Modeling wildfire effects on streamflow in the Cascade Mountains, Oregon, USA

Publications Type: 
Journal Article
Publication Number: 

Wampler, K.A.; Bladon, K.D.; Faramarzi, M. 2023. Modeling wildfire effects on streamflow in the Cascade Mountains, Oregon, USA. Journal of Hydrology. 621: 129585.


Increasing occurrence of large and severe wildfires represents a growing threat to forested watersheds and the many ecosystem services they provide. Past research has shown that wildfires can cause substantial increases in peak flows and annual water yields, leading to potential water quality concerns and land and water management challenges. However, responses have been variable, and there have been few studies at large basin scales, leading to uncertainties about post-fire hydrologic responses. To address these uncertainties, we projected the effect of three large wildfires (>70,000 ha) on streamflow in two important forested watersheds in the Cascade Range of Oregon, US. We modeled the streamflow response using the Soil and Water Assessment Tool (SWAT) model, calibrated on data from prior to the wildfires. We modified model parameters to represent the impacts of the wildfires based on burn severity maps. Burned and unburned scenarios were compared using random forest models to identify drivers of increased annual water yields and peak flows. Post-fire annual water yield changes were controlled by burn severity, annual precipitation, area burned, aridity, and vegetation type, while post-fire peak flow changes were controlled by burn severity, area burned, aridity, soil type, and geologic province. We also found that post-fire increases in annual water yields, peak flows, and low flows were greatest at the headwater scale but were more muted at the downstream basin scale. Our work provides valuable insights into the range of potential post-fire streamflow changes at the headwater and larger basin scale, which is becoming increasingly critical for effective forest and water management decisions.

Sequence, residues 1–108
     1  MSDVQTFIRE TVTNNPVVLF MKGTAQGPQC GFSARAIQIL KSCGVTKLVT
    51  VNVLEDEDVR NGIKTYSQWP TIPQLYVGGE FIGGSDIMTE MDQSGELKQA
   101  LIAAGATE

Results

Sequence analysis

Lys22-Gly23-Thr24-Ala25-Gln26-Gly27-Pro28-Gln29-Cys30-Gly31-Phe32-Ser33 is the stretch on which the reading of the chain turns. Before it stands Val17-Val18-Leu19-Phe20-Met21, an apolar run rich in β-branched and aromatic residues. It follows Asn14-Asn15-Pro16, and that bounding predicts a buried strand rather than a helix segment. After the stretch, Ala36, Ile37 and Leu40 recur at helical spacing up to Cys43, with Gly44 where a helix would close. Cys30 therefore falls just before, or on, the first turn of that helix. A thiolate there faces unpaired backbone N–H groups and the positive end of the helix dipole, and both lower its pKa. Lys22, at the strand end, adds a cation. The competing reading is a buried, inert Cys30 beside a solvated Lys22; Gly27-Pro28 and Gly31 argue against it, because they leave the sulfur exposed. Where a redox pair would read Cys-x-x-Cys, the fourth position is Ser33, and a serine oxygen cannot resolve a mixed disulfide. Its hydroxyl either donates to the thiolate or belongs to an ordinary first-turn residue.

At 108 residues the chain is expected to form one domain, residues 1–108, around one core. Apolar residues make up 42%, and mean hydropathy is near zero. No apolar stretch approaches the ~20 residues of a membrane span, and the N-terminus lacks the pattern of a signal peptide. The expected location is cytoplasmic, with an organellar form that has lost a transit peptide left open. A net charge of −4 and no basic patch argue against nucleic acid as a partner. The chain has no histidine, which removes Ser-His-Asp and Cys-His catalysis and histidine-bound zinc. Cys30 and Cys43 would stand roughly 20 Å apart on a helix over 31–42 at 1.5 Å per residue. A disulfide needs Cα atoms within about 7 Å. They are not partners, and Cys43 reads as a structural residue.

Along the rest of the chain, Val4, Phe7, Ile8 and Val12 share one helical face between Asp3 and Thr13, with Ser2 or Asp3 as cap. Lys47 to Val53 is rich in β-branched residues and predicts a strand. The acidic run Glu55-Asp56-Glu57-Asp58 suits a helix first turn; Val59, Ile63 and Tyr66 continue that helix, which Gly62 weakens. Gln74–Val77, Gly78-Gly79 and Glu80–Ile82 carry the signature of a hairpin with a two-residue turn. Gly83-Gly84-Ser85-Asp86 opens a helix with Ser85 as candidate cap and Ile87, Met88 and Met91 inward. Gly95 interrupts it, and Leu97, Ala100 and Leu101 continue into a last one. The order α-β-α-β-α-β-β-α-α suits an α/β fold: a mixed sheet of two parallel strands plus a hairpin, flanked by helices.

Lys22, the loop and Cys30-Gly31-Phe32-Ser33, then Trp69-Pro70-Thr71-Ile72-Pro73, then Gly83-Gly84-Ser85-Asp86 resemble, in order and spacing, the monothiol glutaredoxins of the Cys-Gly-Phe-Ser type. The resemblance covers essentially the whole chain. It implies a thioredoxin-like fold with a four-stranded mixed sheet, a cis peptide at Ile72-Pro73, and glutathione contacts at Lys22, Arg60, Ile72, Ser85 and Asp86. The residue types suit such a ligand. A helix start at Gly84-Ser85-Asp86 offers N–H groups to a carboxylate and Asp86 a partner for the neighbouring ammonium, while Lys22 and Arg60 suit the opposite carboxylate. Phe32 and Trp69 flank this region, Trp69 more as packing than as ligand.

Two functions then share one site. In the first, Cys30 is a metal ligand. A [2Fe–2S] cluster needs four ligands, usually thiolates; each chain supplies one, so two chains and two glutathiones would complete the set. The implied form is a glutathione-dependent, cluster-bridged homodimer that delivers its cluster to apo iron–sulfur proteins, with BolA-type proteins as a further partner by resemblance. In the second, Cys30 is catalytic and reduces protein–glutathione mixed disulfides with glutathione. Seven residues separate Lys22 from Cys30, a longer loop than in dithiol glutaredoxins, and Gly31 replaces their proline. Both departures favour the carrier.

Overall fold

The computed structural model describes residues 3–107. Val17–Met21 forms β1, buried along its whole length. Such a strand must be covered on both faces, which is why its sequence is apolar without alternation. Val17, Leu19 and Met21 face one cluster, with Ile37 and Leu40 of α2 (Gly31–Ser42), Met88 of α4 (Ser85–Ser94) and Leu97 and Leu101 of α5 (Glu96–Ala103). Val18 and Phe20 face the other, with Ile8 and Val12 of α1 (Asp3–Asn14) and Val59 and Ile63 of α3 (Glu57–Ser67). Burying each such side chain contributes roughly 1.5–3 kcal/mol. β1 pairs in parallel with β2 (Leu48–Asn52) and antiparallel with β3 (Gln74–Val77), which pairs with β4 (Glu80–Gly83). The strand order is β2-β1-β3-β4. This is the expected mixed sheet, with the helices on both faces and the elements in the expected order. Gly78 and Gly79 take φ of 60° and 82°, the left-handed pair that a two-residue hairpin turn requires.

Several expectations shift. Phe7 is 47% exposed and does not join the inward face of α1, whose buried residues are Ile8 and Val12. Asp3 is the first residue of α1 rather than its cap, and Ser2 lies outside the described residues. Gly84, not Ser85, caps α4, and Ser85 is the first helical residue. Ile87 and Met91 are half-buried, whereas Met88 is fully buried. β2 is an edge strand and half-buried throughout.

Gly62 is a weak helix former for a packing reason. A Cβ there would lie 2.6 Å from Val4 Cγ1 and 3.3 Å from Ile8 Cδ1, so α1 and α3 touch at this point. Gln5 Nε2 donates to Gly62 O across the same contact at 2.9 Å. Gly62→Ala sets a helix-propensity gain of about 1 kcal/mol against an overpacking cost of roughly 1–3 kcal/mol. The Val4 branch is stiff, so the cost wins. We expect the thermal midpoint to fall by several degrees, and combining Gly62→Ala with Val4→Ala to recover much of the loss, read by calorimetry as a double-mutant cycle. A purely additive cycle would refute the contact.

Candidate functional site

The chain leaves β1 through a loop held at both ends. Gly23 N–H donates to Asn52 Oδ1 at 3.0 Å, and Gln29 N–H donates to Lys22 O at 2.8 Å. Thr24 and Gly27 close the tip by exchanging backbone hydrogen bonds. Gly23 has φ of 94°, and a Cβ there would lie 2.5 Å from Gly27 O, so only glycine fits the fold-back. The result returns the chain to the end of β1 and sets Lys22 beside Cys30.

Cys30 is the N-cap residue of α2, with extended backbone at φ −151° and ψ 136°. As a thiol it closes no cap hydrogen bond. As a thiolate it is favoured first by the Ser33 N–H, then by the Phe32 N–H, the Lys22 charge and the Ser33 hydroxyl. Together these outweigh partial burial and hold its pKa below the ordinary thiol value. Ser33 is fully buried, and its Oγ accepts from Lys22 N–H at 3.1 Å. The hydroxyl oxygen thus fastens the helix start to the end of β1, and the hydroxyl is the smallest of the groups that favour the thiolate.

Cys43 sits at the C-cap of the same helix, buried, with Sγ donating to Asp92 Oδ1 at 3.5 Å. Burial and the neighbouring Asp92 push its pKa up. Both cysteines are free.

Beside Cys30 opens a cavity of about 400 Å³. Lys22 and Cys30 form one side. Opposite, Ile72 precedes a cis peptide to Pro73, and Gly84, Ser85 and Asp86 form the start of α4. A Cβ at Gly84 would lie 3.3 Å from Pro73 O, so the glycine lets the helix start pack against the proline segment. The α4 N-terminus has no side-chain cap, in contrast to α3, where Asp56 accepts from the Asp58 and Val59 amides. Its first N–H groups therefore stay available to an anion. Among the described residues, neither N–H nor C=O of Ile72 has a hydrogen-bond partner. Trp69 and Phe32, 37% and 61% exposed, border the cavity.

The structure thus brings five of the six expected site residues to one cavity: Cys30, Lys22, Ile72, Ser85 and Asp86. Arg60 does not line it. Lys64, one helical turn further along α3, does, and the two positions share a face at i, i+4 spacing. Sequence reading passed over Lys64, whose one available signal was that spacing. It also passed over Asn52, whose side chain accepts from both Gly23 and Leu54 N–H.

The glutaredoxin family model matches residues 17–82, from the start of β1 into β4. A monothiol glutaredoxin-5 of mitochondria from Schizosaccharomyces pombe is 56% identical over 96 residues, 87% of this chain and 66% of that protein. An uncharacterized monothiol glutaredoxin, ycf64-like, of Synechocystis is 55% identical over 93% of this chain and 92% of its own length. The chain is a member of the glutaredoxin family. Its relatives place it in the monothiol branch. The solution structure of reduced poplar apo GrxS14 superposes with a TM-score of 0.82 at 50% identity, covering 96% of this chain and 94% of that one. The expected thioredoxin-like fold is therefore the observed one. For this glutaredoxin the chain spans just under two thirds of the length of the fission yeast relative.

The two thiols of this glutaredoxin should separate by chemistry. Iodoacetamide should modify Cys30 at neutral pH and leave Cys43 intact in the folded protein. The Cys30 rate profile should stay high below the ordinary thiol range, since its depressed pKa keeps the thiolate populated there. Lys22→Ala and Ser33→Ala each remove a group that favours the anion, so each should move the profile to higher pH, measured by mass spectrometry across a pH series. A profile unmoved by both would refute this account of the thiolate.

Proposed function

Keyworkds: Wildfire, Oregon, Source water, Hydrologic model, Streamflow